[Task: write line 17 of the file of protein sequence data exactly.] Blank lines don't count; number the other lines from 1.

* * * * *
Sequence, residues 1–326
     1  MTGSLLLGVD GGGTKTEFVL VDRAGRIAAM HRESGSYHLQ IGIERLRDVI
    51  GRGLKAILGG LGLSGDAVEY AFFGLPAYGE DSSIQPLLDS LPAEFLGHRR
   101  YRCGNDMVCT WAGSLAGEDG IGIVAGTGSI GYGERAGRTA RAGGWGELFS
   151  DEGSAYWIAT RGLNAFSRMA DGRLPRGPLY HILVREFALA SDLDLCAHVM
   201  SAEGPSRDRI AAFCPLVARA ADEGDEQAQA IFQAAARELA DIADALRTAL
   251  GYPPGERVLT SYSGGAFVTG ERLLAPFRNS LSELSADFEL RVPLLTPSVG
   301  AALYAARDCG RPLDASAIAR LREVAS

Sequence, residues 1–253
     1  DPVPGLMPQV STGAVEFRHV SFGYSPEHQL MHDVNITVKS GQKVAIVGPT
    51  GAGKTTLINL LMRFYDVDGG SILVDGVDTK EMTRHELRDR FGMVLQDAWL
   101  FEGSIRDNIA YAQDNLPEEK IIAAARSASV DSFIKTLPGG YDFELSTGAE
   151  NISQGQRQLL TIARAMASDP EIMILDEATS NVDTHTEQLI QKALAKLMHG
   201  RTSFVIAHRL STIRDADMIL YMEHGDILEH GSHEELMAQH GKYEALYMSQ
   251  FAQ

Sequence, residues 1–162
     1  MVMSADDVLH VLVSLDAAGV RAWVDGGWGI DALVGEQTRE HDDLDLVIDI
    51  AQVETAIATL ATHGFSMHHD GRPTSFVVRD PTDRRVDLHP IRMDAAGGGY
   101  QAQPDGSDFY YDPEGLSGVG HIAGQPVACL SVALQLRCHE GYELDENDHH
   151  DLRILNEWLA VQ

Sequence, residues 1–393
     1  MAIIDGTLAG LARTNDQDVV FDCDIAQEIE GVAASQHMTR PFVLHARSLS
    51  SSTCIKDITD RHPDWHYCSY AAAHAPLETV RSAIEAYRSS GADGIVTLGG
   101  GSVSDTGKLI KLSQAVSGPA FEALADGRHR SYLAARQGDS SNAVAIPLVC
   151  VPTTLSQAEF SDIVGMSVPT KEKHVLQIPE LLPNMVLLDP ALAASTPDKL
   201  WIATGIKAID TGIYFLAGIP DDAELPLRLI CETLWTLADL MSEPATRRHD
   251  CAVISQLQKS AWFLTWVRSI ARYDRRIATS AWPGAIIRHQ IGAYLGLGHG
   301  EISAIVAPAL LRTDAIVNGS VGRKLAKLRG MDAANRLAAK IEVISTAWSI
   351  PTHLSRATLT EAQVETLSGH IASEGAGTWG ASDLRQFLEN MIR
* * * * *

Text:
     1  MVMSADDVLH VLVSLDAAGV RAWVDGGWGI DALVGEQTRE HDDLDLVIDI